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Vol. II.)

GLADFELTER v. WALKER.

[No. 7.

COURT OF APPEALS OF MARYLAND.

(To appear in 40 Md.)

PLEADING IN AN ACTION TO RECOVER DAMAGES FOR POLLUTING

A STREAM OF WATER. — ADMISSIBILITY OF EVIDENCE. — WATERCOURSE: RIGHT OF ACTION FOR POLLUTING A STREAM. - MEASURE OF DAMAGES. — COUNTS THAT MAY BE JOINED.

GLADFELTER v. WALKER.

In an action to recover damages for fouling a stream which flowed through the farm of

the plaintiff, the last three counts of the declaration alleged substantially that the stream had long flowed through the plaintiff's farm in a pure state, but that some months prior to the institution of the suit, the defendant had fouled and was daily continuing to foul the same, by throwing into it certain poisonous substances. The second plea of the defendant stated that at and long before the time of the committing of the grievances alleged there was, and still is, an ancient paper-mill erected upon said stream, and near the plaintiff's land, to which mill was, and still is, annexed the right to use the water of the stream for all purposes belonging to the manufacture of paper, and that said mill was from its erection used in such manufacture with the knowledge and acquiescence of the plaintiff ; that the defendant purchased the mill and the right appurtenant thereto, to use the water of the stream for all the purposes of paper manufacture, and that down to the time of such purchase no objection was made by the plaintiff ; that the defendant made use of the water reasonably and properly according to the customary methods of manufacturing paper, using only such chemicals and other substances, and employing only such methods and processes as were fit to be used about the manufacture of paper, and conducted the business of manufacturing paper in the said mill, in all respects, in a reasonable and proper manner. Held, that this plea was bad, in that having averred that there was a right appurtenant to the mill to use the water in the manufacture of paper, and that the plaintiff had acquiesced in this right up to the time of the purchase of the mill by the defendant, it failed to aver a user, and acquiescence by the plaintiff

for a period of twenty years. The fourth plea, which averred that other mill-owners than the defendant had acquired

a prescriptive right to foul the stream which flowed through the plaintiff's farm, was also bad, for such prescriptive right acquired by others was no bar to the plaintiff's

right to recover as against the defendant for fouling the stream. Where the declaration expressly charges the defendant with fouling the stream which

flowed through the plaintiff's farm by throwing into it certain poisonous substances, a plea that there was annexed to the defendant's mill a prescriptive right to use the water for all reasonable purposes in the manufacture of paper, and that the defendant had so used the water, and not otherwise, is defective in that it does not expressly deny, nor does it directly confess and avoid the facts stated in the declaration. To the declaration which charges the defendant with 'fouling a stream, to the use of which in its natural state the plaintiff claimed to be entitled, it is not a proper answer to aver that upon the same stream of water, above and below the paper-mill of the defendant, there are other paper-mills which have existed and been used as such for more than twenty years prior to the time of committing the alleged grievances, and at the said last mentioned time the water of said stream was used at said mills in the manufacture of paper, and the defendant manufactured paper at his mill in the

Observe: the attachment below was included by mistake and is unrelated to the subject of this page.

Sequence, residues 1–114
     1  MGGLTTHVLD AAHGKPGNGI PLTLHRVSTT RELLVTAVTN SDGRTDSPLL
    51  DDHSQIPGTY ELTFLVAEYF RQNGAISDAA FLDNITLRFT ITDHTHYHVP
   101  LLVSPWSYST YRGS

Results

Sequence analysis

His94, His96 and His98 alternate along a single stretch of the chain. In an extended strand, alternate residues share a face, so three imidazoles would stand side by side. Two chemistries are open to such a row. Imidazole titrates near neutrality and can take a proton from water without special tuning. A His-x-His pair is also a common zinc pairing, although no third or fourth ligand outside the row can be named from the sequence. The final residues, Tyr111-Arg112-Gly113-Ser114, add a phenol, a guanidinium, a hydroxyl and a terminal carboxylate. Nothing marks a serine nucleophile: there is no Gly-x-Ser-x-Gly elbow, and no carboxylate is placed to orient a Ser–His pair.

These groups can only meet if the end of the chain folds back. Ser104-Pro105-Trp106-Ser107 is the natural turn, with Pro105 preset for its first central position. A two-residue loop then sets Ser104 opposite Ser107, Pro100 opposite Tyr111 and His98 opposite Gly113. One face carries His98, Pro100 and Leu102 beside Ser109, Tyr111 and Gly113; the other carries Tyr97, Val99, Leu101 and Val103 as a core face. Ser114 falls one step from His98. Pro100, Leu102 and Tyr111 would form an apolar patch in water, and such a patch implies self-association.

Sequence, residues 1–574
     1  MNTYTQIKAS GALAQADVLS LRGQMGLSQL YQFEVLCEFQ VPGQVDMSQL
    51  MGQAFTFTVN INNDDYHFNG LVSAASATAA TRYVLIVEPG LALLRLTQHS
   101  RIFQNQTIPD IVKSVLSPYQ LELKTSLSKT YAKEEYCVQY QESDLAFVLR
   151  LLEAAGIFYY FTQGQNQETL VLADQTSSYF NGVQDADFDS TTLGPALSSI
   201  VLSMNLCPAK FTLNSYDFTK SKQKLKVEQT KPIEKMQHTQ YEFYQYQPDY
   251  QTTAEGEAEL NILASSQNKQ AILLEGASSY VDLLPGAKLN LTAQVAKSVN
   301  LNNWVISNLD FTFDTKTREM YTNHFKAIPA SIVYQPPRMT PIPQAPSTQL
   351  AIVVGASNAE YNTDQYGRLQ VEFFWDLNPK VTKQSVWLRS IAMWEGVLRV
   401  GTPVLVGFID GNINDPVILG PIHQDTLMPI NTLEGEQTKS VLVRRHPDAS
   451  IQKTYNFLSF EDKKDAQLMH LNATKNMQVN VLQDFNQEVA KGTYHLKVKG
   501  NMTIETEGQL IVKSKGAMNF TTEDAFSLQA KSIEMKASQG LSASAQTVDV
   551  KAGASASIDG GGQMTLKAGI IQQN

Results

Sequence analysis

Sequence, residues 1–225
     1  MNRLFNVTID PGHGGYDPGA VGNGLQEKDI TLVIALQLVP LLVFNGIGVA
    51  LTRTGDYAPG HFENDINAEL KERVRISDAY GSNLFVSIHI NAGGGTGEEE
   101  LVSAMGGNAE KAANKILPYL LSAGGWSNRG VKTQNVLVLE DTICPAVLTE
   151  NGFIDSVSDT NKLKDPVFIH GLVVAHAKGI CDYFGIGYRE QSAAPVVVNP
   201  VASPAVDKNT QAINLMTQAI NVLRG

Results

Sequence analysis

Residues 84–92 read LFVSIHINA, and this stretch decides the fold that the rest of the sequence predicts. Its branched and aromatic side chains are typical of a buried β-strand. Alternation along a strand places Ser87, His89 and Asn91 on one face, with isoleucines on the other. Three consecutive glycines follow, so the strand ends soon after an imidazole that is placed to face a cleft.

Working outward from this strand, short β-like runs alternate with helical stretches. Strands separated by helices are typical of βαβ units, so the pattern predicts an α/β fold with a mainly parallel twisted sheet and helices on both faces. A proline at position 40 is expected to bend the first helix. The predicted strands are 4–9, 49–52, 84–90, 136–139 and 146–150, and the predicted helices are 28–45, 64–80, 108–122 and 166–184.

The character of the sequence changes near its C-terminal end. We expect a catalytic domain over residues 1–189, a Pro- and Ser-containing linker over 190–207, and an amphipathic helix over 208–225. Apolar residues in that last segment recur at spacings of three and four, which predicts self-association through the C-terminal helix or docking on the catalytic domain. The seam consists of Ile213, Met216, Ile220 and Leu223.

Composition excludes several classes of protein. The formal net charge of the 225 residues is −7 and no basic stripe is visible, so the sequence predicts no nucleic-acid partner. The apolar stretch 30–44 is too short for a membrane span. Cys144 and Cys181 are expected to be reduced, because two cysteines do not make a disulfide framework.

usual manner and with reasonable care. At the trial of an action to recover damages for fouling a stream which flowed through

the farm of the plaintiff, he proved that he was the owner of the farm, and that he had resided thereon for seventy years; that there were dwellings, a barn, and a gristmill on said farm; that prior to December, 1869, when the defendant and Dushane his partner commenced the use of the mill, the water of the stream had been pure, clear, and limpid, and was used for household purposes, and for watering the cattle and stock ; but that from and after the date mentioned, the character of the stream

[No. 7.

Vol. II.)

GLADFELTER v. WALKER.

had been changed, and the water flowed daily for several hours of a color nearly black, and was covered with foam from bank to bank ; that it was unfit for domestic use, and that the plaintiff was obliged to make other arrangements for watering his stock ; and that such discoloration in, and foam on the water proceeded from substances thrown into it at the defendant's mill. The plaintiff also proved by the witness Ball, that he owned a farm on the stream about two miles below the plaintiff's; that ever since the defendant and Dushane commenced to work the mill, the water of the stream was black for six or seven hours, once, and sometimes twice a day, and that the stones at the bottom were discolored. The witness further stated that there were several other paper-mills on the stream, above defendant's mill, but none between the defendant's mill and the property of the witness, and that the water of the stream was never discolored before it was done by the defendant. The plaintiff then proposed to ask the witness, whether he had an opportunity to ascertain the effect produced on cattle by the use of the water, and if so, to describe it? To this question the defendant objected, but the court overruled the objection, and the witness answered that after the water became so impure, he lost by death two horses and a number of hogs, and that on opening them, he found the bladder nearly destroyed, and he found them filled with the polluted water, or what looked like it. On appeal by the defendant it was held, that this evidence was admissible, in connection with other facts, to go to the jury, to enable them to determine whether the stream had been rendered unfit for use by the acts of the defendant. The owner of land through which a stream flows is entitled to the use of the water in

its natural state ; and any one who pollutes it, so as to render it unfit for such use, is liable in an action for damages, unless he has acquired by grant or prescription an